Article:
This summer researchers also developed training modules, the approbation of which will begin in the autumn. According to their competences, RTU researchers developed modules to cover the following topics: stress, stressors, their recognition in the work environment, organization of work environment processes, impact of working conditions on productivity, changes in work content and environment, management of new forms of work (e.g., remote work), workload and workflow management, organizational work environment, culture, team collaboration, employee attitude and behaviour, demands and tasks for the employee, their compliance with the workload, etc.

Modules developed by researchers of Latvia as well as modules developed in other Member States will be approbated in Latvia. It is planned that they will be approbated by students and experts of RTU Faculty of Engineering Economics and Management.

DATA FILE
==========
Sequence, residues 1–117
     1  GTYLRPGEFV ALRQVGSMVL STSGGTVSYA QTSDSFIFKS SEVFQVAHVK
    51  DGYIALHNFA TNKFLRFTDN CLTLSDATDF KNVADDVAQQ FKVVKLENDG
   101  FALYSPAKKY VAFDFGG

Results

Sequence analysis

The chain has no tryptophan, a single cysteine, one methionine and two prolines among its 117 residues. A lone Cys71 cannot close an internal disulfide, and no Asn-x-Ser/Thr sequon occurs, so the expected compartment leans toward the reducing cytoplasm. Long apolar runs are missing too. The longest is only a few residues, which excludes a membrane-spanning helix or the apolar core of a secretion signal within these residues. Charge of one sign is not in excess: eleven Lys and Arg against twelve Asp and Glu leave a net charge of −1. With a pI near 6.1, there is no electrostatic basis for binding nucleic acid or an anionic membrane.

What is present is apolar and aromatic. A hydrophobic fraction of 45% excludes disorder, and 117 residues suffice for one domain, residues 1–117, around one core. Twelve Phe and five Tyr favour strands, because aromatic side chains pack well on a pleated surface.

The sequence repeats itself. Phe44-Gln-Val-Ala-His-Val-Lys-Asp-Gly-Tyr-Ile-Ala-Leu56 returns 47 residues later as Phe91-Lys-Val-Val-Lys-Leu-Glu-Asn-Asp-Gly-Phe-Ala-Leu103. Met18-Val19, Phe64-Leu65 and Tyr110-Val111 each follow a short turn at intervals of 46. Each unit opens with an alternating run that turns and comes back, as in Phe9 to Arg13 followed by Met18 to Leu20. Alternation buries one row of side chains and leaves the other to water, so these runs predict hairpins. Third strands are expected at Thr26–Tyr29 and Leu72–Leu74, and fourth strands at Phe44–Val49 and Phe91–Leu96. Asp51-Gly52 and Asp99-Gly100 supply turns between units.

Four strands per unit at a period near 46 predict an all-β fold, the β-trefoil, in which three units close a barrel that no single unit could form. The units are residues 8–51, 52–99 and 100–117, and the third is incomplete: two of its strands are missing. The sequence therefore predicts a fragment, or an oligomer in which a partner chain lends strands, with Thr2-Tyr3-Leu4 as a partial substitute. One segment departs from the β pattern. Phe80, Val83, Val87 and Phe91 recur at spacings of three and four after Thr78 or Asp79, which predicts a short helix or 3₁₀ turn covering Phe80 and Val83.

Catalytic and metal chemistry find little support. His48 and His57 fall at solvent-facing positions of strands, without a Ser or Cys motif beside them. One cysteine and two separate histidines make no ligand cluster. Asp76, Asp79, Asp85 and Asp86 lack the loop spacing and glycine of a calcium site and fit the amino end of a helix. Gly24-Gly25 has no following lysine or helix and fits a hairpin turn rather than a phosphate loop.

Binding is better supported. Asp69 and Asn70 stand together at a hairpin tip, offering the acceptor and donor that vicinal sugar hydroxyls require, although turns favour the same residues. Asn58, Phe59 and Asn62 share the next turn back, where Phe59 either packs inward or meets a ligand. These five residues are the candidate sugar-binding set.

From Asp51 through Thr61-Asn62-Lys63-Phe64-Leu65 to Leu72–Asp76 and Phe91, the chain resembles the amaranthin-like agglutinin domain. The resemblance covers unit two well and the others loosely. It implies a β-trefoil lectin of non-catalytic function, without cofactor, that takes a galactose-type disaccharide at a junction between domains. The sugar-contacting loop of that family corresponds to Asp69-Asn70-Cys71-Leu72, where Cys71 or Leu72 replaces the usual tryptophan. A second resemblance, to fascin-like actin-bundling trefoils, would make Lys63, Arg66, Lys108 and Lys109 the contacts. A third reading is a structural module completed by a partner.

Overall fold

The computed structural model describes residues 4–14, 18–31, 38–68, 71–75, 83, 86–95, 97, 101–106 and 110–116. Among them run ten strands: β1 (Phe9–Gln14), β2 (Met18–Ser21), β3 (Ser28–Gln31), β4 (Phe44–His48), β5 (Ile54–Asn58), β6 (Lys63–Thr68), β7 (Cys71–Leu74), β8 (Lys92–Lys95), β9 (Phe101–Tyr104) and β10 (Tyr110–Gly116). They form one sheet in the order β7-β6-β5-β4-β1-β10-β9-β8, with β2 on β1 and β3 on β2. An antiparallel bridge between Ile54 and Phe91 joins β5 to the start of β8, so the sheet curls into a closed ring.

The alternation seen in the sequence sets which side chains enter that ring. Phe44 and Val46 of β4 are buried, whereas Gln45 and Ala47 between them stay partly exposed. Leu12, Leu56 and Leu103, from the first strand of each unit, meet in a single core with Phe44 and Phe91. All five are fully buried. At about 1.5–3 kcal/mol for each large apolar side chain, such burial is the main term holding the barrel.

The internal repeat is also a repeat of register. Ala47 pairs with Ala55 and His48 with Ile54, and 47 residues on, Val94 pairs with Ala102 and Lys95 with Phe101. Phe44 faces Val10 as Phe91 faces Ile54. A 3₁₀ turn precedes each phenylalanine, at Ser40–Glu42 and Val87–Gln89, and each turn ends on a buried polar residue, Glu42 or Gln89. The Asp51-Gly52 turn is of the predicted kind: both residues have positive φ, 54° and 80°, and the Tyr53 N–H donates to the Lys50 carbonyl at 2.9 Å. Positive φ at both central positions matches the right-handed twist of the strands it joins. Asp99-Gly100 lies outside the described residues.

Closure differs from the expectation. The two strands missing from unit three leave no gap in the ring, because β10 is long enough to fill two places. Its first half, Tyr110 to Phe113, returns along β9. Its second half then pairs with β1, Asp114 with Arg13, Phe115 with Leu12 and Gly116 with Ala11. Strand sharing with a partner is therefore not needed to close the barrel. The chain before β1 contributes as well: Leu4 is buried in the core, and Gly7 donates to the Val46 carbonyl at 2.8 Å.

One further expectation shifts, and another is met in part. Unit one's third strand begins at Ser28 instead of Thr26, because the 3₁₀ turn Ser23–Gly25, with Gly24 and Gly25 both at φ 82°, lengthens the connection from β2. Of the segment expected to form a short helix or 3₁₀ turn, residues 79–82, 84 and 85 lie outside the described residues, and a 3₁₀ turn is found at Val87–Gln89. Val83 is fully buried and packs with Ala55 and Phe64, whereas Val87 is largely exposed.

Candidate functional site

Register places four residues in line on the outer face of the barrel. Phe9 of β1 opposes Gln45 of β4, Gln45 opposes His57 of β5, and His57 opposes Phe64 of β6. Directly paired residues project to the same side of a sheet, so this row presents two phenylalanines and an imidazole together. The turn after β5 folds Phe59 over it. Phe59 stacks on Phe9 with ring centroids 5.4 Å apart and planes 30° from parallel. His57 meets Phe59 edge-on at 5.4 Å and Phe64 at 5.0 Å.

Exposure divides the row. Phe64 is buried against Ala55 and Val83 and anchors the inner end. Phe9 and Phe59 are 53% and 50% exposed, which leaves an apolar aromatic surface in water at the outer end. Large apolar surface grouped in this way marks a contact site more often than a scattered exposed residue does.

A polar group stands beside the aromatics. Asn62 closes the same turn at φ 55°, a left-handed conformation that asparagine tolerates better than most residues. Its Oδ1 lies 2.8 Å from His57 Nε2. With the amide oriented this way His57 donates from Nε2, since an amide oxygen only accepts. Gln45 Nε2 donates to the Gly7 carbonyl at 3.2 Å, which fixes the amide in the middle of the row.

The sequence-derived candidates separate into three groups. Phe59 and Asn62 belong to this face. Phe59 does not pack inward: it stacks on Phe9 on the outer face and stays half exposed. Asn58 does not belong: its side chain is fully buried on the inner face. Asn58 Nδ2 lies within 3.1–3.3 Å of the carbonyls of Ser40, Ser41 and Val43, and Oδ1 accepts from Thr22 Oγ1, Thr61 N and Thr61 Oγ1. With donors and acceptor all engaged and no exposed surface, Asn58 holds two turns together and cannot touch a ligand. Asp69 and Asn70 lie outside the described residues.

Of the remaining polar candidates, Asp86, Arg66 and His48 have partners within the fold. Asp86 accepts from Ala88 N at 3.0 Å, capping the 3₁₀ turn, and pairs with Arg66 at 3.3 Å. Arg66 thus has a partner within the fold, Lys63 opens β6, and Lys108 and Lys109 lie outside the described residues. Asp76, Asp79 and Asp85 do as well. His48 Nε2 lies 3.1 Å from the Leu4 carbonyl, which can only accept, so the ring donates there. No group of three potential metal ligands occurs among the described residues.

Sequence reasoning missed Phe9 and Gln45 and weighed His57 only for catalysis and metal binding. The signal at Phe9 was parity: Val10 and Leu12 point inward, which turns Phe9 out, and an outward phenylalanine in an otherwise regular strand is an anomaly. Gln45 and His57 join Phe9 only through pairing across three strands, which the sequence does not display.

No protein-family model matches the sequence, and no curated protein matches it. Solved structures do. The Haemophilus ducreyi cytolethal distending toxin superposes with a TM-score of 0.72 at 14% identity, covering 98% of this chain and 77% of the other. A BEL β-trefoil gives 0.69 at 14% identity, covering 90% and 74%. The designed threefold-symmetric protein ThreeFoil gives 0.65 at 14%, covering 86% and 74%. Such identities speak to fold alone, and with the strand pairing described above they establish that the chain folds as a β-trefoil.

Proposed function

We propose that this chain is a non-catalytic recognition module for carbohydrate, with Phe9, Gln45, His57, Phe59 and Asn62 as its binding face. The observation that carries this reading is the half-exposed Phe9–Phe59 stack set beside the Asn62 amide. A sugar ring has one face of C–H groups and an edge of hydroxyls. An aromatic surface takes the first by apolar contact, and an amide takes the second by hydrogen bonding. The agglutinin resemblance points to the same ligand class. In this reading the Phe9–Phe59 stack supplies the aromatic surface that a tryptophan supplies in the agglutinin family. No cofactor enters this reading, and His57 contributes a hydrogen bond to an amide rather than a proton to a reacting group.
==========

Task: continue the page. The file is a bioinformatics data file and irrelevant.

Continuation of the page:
After approbation, all modules will be combined into an innovative stress assessment and management tool. It will help to recognize and evaluate stress levels, identify how to prevent an increase in individual stressors through e-learning, and use a special test to assess the changes made. IMPRESS aims to reduce the causes of stress by 10%, which could save the European economy more than € 10 billion in 2035.

New motivation